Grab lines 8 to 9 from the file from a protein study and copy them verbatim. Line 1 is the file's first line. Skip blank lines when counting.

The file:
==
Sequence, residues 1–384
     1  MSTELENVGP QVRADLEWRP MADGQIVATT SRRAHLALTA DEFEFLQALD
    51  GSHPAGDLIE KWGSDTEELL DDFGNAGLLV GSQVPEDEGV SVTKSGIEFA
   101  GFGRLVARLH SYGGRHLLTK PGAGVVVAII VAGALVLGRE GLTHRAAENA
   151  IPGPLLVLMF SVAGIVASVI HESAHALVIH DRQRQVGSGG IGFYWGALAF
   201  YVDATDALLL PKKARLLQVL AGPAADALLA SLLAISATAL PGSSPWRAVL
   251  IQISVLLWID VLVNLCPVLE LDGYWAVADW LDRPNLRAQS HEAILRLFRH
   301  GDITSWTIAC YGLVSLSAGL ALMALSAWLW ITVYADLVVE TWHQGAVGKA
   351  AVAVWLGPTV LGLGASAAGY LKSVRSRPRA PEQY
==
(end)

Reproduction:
   301  GDITSWTIAC YGLVSLSAGL ALMALSAWLW ITVYADLVVE TWHQGAVGKA
   351  AVAVWLGPTV LGLGASAAGY LKSVRSRPRA PEQY